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Statement by H.E. Mr Peter Thomson, President of the 71st Session of the General Assembly, at Plenary meeting of the General Assembly on Consideration of the agenda item 86 (a): Implementation of Human Rights Instruments and Commemoration of the 50th anniversary of the adoption of the International Covenant on Civil and Political Rights and the International Covenant on Economic, Social and Cultural Rights
19 October 2016
Ladies and Gentlemen,
Fifty years ago, the General Assembly made an historic advancement in our efforts to promote and protect human rights across our globe, through the adoption of the International Covenant on Civil and Political Rights and the International Covenant on Economic, Social and Cultural Rights.
This landmark achievement built upon the commitments in the UN Charter, and the Universal Declaration of Human Rights, by legally obligating States – for the first time – to respect, protect and fulfill the human rights inherent in each and every individual.
In the fifty years since their adoption, the Covenants have become cornerstones of both international law, and the international human rights framework, based on the fundamental recognition of the universality, indivisibility, and interdependent nature of human rights.
Across our world, the Human Rights Covenants have helped to shape Constitutions and laws, policies and justice systems.
They have had a transformative effect on the lives of people across the globe.
This has been so because the power of the Covenants resides in their ability to protect universal rights and freedoms in diverse circumstances and situations.
And the expert committees that uphold the implementation of the Covenants have ensured that they continue to frame our policy responses to a complex and rapidly changing world.
But despite this great progress, we live in times when people across our world are being denied their most fundamental human rights.
Violent extremism is on the rise, and waves of intolerance and hate are targeting minorities, migrants, and our most vulnerable.
Greater restrictions are being placed on our most basic rights and freedoms: including the right to life, liberty and security; to equality before the law; to gender equality, education, and health; to freedom of expression, worship and association; and to freedom from discrimination, torture, slavery and hunger.
Today’s commemoration is a timely reminder of the power of these Covenants to ensure States uphold the rights of all their people.
As Governments, civil society, and the global public, focus on ramping up implementation of the 2030 Agenda for Sustainable Development, the mutually reinforcing nature of the pillars of human rights, peace and security, and the development, could not be clearer.
When people’s human rights are violated, when they live in fear, when they are affected by conflict and violence, and when they are subject to discrimination, marginalization, intolerance, poverty, and corruption, neither sustainable development, nor sustainable peace, are attainable.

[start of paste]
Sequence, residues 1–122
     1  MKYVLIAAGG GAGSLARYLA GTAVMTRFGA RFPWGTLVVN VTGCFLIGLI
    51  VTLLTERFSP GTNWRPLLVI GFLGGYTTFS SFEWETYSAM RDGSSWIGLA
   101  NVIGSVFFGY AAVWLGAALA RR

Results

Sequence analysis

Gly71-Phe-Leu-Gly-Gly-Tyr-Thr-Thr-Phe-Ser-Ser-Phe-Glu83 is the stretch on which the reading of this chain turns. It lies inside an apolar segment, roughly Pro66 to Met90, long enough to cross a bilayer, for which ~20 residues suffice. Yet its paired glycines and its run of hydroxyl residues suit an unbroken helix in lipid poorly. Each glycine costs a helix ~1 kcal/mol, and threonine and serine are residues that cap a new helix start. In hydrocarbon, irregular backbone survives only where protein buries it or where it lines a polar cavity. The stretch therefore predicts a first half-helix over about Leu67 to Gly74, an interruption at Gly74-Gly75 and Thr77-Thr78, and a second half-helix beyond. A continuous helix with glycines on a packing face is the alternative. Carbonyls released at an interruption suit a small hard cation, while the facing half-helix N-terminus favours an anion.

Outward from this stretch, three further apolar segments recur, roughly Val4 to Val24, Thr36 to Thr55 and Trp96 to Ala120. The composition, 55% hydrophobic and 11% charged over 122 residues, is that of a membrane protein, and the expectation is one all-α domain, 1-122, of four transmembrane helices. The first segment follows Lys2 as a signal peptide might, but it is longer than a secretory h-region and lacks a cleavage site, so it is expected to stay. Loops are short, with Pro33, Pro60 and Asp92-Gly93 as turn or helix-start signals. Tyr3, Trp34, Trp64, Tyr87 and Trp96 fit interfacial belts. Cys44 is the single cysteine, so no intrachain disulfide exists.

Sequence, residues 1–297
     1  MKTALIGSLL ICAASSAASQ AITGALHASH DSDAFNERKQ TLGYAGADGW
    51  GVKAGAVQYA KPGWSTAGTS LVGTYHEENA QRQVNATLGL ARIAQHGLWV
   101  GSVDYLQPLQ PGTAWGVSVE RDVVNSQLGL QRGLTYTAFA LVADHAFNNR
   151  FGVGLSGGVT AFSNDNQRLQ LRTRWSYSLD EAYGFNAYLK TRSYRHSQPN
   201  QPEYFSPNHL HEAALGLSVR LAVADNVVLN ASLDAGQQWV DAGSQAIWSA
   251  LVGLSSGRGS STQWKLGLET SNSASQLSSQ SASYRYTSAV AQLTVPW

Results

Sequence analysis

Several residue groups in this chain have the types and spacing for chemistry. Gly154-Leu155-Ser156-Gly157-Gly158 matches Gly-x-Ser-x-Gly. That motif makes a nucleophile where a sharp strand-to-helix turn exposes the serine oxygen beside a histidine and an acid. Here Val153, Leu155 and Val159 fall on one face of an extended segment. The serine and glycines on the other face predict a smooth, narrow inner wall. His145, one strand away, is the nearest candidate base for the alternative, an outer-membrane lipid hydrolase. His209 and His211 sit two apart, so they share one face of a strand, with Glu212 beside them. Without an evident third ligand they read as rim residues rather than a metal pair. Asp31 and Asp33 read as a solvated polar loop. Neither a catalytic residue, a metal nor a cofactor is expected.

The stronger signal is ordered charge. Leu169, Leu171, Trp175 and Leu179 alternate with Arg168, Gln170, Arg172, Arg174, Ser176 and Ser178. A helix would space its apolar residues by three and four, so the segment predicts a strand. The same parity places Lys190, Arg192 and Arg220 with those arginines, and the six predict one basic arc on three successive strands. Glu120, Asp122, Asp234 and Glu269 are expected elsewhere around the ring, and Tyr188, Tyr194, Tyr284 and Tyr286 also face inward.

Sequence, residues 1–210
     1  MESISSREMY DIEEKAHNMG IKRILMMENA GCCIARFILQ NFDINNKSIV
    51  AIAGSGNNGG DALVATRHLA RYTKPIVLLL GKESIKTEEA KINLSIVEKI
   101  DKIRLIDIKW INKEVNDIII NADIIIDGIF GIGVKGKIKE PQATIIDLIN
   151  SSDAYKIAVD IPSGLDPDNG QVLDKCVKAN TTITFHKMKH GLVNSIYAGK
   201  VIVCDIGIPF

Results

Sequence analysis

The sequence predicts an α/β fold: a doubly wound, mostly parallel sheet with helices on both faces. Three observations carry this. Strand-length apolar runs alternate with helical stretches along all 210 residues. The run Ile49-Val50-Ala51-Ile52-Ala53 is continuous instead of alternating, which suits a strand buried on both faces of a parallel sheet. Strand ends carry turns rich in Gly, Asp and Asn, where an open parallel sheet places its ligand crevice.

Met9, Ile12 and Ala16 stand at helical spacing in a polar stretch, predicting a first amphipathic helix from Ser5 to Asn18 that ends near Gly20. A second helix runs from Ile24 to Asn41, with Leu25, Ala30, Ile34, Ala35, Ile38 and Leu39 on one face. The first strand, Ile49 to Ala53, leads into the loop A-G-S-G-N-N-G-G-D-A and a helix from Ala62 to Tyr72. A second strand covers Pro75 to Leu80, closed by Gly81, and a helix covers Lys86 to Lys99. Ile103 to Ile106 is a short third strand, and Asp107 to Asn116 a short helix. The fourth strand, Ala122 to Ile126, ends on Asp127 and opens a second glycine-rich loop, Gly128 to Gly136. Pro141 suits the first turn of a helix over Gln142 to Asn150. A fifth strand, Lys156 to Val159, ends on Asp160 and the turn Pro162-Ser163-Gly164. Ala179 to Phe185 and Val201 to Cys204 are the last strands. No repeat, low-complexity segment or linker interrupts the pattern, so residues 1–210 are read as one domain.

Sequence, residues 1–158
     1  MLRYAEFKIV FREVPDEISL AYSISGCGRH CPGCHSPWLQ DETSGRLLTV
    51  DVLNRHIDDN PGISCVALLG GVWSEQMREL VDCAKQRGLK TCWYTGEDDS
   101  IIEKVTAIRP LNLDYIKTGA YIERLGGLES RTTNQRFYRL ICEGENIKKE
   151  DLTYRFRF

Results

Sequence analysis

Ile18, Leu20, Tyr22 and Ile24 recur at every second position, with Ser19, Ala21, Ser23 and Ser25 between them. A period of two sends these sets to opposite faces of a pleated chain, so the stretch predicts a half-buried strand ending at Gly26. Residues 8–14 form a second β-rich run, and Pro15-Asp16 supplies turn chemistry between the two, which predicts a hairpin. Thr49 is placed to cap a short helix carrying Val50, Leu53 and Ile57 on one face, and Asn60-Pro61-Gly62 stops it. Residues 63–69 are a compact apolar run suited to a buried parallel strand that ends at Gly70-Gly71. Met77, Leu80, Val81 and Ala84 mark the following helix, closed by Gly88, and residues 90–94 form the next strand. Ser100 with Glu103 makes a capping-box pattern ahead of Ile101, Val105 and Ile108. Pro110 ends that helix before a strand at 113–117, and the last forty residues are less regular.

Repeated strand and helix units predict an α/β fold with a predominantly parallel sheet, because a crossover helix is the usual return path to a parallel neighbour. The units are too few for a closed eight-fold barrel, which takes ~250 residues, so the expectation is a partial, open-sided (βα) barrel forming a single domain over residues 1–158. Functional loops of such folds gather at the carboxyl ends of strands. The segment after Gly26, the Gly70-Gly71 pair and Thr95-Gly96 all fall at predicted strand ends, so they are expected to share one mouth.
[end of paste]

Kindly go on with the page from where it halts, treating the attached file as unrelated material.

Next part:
The 2030 Agenda is premised on the fundamental recognition of human rights for all. And taking a comprehensive and integrated approach to development, the 2030 Agenda encapsulates the indivisibility and inter-dependence of the human rights set out in both covenants.
An effective implementation of the Agenda requires that this be done in a manner consistent with the UN Charter, international treaties, and international law.
Done the right way, achievement of the 2030 Agenda, and of the Human Rights Covenants, will have to proceed hand in hand.
Indeed, the mantra of the 2030 Agenda of “leave no one behind” recalls the principles of non-discrimination and equality that underlie the two Covenants.
And Sustainable Development Goal 16 on promoting peaceful and inclusive societies, access to justice, and effective and accountable institutions is fundamental to achieving success in all of the Sustainable Development Goals.
Excellencies, distinguished delegates
I call on all Member States who have yet to ratify either or both Covenants to take the opportunity of this commemorative year to do so.
The promotion and protection of human rights is a commitment that requires constant vigilance by us all.
Allow me here to quote John Donne’s celebrated verse, “Any man’s death diminishes me, because I am involved in mankind, and therefore never send to know for whom the bell tolls; it tolls for thee.” These words ring as true today as when they were written four hundred years ago.
Let us therefore mark the occasion of the 50th anniversary of the Covenants by reaffirming our commitment:
- to realising the human rights of all people;
- to protecting those who are suffering injustice;
- to fighting xenophobia, intolerance and discrimination;
- to promoting equality and empowerment;
- and to increasing global awareness and understanding of human rights, as fundamental to all our lives.
There is much we can do better in our efforts to realize the political, economic and social rights of mankind. And in doing so, we will do well to aim for greater respect and stronger implementation of the two Covenants we celebrate today.
I thank you.